Jun 26 / Simcha

Co-Parenting with a Difficult “Ex”

How does one co-parent with someone who won’t let go of the past?

 How does one afford one’s children a continued sense of stability and the chance to maintain a good relationship with both parents – when one’s ex is nasty, disrespectful, or uncooperative?

Circle of Moms, a rich online resource for parents, offers the following tips for common co-parenting problems experienced by divorced parents:


Problem 1:  Your ex is nasty and disrespectful to you and it makes you furious.
How to Deal:  Address it if it’s happening in front of the kids, telling your ex you would prefer to keep things civil in front of the children, and then — let it go.  You can’t control what s/he does or doesn’t do; all you can control is your reaction to it.   This isn’t your problem, it’s your ex’s. It only becomes your problem if you allow yourself to be sucked in. Your ex is an ex for a reason,  so quit worrying about what s/he thinks and says.


Problem 2:  Your kids are being used as informants and messengers.
How to Deal: Acknowledge your part in this and resolve that you, at least, will keep your kids out of it. You can do this in a few ways:

  • Don’t go into details about what went wrong between you and your ex. Kids definitely do not need to know about all their parents’ problems.
  • Allow your kids to develop an independent relationship with their other parent. Encourage the relationship, and caution your kids not to “bad mouth.”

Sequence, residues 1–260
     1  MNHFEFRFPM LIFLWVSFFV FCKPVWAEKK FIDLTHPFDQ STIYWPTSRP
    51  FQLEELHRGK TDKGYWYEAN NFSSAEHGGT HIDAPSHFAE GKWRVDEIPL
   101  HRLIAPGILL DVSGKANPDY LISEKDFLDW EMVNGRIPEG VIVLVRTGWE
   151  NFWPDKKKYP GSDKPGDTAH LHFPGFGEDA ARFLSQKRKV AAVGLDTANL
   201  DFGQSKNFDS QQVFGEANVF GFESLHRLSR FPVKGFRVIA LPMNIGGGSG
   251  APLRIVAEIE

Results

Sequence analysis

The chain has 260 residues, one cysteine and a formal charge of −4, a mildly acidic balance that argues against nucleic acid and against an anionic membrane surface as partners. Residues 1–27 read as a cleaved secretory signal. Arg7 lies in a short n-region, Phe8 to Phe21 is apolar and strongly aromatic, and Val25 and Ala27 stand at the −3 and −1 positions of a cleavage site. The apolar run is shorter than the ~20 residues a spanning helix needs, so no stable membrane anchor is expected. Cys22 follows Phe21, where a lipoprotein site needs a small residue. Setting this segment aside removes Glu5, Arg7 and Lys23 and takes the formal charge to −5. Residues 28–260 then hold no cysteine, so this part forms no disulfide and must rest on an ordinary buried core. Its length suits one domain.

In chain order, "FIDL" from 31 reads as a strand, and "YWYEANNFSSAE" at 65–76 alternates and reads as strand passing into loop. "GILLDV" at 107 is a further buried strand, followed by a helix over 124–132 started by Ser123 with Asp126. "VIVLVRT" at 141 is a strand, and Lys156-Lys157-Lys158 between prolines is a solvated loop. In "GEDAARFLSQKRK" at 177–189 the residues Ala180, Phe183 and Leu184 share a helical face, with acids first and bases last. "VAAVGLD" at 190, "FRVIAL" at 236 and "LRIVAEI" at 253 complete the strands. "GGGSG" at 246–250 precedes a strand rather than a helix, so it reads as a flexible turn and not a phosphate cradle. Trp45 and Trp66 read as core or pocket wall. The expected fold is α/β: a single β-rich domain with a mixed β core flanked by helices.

• Give your kids some space. As tempting as it is to try to gather info about what’s happening at the other house, avoid putting the kids in the middle by asking them 2,000 questions every time they have visited or spoken with their other parent.


Problem 3:  Your ex is a no-show for visits or shirks other court-ordered responsibilities.
How to Deal: Keep a log of what’s going on in case you decide to go back to court.  Document each and every time you schedule with him/her to see the kids and s/he no-shows or cancels; you may need that information later on.


Problem 4:  Your co-parent isn’t involved with or doesn’t care about what’s going on with the kids.
How to Deal: Don’t try to solve unsolvable problems. You cannot make someone accept the responsibilities they should if they are not interested.  If your ex won’t show up for functions or help make decisions, just keep doing it yourself instead of wasting your energy trying to change him/her.


Problem 5:  Communication between you and your co-parent is non-existent or antagonistic.
How to Deal: Find a new way of communicating, preferably in writing, as talking on the phone or in person seems to encourage conflict.  Email is sometimes effective in removing the drama from communicating and affording time to process and to decide what to say in response.


Problem 6:  Your tween or teen is upset about the way your ex runs things in his/her house.
How to Deal: Be their listening ear, but not their mouthpiece. Instead, teach your children healthy ways to stand up for themselves and to communicate their needs.  Your children needs you on their side. . . . they do not need you to do it for them.